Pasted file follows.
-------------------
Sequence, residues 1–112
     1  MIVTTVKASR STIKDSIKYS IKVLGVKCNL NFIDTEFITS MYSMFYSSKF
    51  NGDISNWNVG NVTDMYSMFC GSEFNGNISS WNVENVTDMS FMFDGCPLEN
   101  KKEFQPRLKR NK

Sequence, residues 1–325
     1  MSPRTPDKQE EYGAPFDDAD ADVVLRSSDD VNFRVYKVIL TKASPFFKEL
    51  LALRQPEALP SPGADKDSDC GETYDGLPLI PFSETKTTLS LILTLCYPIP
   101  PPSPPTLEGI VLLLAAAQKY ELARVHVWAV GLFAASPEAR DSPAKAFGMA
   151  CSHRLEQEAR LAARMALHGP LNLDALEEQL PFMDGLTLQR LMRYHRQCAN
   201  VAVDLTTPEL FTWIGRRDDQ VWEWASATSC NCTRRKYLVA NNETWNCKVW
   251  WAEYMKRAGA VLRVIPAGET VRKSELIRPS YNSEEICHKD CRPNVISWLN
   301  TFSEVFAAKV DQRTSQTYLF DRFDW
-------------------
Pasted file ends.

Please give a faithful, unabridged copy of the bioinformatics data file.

Sequence, residues 1–112
     1  MIVTTVKASR STIKDSIKYS IKVLGVKCNL NFIDTEFITS MYSMFYSSKF
    51  NGDISNWNVG NVTDMYSMFC GSEFNGNISS WNVENVTDMS FMFDGCPLEN
   101  KKEFQPRLKR NK

Sequence, residues 1–325
     1  MSPRTPDKQE EYGAPFDDAD ADVVLRSSDD VNFRVYKVIL TKASPFFKEL
    51  LALRQPEALP SPGADKDSDC GETYDGLPLI PFSETKTTLS LILTLCYPIP
   101  PPSPPTLEGI VLLLAAAQKY ELARVHVWAV GLFAASPEAR DSPAKAFGMA
   151  CSHRLEQEAR LAARMALHGP LNLDALEEQL PFMDGLTLQR LMRYHRQCAN
   201  VAVDLTTPEL FTWIGRRDDQ VWEWASATSC NCTRRKYLVA NNETWNCKVW
   251  WAEYMKRAGA VLRVIPAGET VRKSELIRPS YNSEEICHKD CRPNVISWLN
   301  TFSEVFAAKV DQRTSQTYLF DRFDW